Wait, it’s only Wednesday?? I coulda swore it was Thursday. I’m telling you, B-Day (Black List Day) can’t get here soon enough. Stay tuned for heavy Black List coverage here on Scriptshadow.
Premise: We follow the teenage years of John Lennon, right before he joined The Beatles.
About: Proof once again that a trip to the Black List is a first class endeavor – every year more and more of these Black List scripts are getting made. It’s no wonder producers, managers, and agents are jockeying to get their clients on it. Nowhere Boy landed in the Top 20 of last year’s list with 13 votes. It will be hitting UK theaters on Christmas and in the U.S. sometime…after that I presume. A relative unknown is playing Lennon (Aaron Johnson) and his aunt is being played by powerhouse actress Kristin Scott Thomas.
Writer: Matt Greenhalgh
Details: 123 pages (March 31st 2008 draft)
The reason I hadn’t read this yet despite it being a town favorite last year is because a) I am not a connoisseur of the biopic. And b) it feels a bit like someone scrounging for the few remaining scraps of Beatles history we don’t already know about. I mean what’s next? Ringo’s kindergarten years? Going into this, I imagined a moping John Lennon experiencing “tough times” for an hour and a half, then ending on a shot where he goes into an audition and sees three strapping young lads named, Ringo, George, and Paul. Cut to black. That’s exactly what I didn’t want to see. I was hoping (but not hopeful) to learn about a new side of Lennon, a layer that added to his legacy, something that convinced me this was a story worth telling. Is Nowhere Boy that story? Or is this just a documentary with bigger production value?
We meet John Lennon as a rebellious 15 year old in Liverpool. Although the circumstances behind his situation are murky, John lives with his tightly-strung aunt, Mimi, whose lack of a husband makes John her only priority. His real mom – the gorgeous sparkplug Julia, is nothing but a distant memory to John, as the only thing we know about her is that she gave John to Mimi. That abandonment plays a big role in how John approaches the world, and as you can guess, not in a positive way.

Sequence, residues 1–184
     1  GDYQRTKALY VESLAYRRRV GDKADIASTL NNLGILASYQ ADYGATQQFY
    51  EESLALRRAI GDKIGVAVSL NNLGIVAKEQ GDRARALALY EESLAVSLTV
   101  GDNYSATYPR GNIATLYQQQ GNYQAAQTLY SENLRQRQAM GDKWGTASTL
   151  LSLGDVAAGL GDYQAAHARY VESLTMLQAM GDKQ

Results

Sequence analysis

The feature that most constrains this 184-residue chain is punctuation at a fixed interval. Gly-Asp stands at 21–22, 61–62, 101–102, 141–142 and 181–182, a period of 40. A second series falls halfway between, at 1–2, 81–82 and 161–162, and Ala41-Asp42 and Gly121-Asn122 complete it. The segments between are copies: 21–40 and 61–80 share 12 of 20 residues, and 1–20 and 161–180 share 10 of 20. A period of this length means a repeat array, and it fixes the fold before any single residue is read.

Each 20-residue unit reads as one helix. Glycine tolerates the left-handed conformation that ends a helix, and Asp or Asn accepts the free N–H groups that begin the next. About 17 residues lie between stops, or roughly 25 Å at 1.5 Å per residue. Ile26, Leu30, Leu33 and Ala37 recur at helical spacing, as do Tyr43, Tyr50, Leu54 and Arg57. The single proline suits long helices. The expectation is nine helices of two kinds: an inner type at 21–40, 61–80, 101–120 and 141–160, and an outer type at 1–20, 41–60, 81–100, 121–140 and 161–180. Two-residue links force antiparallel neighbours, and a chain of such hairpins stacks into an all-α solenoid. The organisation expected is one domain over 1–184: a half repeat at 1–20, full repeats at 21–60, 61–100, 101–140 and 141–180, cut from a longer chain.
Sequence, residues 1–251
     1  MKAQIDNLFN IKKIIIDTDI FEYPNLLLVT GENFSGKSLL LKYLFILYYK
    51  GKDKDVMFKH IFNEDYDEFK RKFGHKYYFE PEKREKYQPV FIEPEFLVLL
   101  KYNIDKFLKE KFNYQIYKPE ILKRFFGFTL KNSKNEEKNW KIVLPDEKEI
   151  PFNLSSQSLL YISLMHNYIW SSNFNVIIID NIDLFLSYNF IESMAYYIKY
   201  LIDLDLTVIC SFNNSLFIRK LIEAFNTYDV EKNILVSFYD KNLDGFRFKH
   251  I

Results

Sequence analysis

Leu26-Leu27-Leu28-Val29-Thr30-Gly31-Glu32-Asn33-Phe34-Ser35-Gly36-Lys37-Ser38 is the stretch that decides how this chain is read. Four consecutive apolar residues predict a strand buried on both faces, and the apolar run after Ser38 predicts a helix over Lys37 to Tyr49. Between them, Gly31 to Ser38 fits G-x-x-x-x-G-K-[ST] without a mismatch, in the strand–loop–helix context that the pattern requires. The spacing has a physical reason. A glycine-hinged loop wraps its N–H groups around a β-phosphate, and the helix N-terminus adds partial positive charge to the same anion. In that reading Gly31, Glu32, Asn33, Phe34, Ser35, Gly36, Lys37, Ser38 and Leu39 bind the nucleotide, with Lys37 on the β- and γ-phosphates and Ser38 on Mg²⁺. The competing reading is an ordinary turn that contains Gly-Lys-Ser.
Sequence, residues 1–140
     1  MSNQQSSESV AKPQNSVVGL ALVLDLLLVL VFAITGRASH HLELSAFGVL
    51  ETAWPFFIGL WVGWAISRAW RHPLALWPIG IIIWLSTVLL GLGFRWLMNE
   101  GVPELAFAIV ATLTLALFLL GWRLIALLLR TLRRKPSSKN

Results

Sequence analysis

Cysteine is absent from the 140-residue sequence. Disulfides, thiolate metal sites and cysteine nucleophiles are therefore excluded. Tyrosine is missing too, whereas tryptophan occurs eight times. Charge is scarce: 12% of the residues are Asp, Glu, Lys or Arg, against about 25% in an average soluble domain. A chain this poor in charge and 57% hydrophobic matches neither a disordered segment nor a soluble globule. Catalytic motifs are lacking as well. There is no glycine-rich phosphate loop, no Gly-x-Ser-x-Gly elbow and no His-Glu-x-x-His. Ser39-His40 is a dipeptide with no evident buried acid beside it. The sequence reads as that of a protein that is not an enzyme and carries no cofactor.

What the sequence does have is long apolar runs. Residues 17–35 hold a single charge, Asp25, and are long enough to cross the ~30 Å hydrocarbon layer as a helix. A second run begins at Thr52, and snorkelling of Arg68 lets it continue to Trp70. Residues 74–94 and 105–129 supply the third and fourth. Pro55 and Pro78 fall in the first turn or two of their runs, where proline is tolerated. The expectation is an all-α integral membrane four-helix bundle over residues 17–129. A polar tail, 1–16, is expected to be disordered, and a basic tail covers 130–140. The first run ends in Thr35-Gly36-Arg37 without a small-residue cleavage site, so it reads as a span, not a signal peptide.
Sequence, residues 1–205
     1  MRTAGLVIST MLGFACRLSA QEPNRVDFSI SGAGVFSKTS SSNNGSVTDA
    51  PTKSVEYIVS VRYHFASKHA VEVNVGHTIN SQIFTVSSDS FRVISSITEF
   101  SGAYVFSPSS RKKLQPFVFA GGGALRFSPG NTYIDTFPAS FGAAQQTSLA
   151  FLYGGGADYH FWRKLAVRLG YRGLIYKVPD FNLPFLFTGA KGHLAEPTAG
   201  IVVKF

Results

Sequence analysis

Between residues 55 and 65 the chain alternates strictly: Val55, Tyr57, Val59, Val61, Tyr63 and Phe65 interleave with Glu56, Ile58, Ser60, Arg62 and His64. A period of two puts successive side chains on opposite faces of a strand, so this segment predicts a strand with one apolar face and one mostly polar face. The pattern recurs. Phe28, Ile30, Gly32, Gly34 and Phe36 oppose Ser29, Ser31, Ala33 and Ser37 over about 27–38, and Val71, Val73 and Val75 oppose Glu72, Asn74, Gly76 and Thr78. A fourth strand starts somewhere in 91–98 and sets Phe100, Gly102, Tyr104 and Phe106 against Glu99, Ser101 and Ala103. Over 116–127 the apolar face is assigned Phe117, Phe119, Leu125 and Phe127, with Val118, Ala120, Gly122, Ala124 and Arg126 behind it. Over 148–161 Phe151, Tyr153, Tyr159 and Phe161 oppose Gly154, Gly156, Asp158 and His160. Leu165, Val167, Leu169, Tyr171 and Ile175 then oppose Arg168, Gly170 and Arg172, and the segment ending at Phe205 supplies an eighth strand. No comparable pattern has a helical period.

Like lots of artists, John was not an ideal student. The man remembered for his overwhelming ability to love was actually a bit of an asshole in his younger days. Ignoring schoolwork, challenging authority, chasing after girls. While everyone else studies obsessively to make it into college, John pinballs his way around Liverpool, looking for the next temporary high.
But when the highs refuse to add up, John gets it in his head to find his mother. On a whim, he and a friend travel to her house and just like that, there she is. Julia is thrilled to see her little boy, so much so that she pulls him in and screams with delight. As John wraps his brain around the events, they head off for the kind of spontaneous day saved for Audrey Hepburn movies - it's everything John dreamed for.
This begs the central question of the screenplay: Why did Julia give John away in the first place?
As the first visit leads to a second, and the second to many more, that answer creeps up on us. There's something slightly off about Julia. Her moments of boundless joy are followed by bouts of sadness. There’s a disregard for social and moral norms around her, as we watch her change in and out of clothes right in front of her 15 year old son, and cozy up to the endless wave of shady men who gawk over her. We know there’s something wrong with Julia. We just don't know what.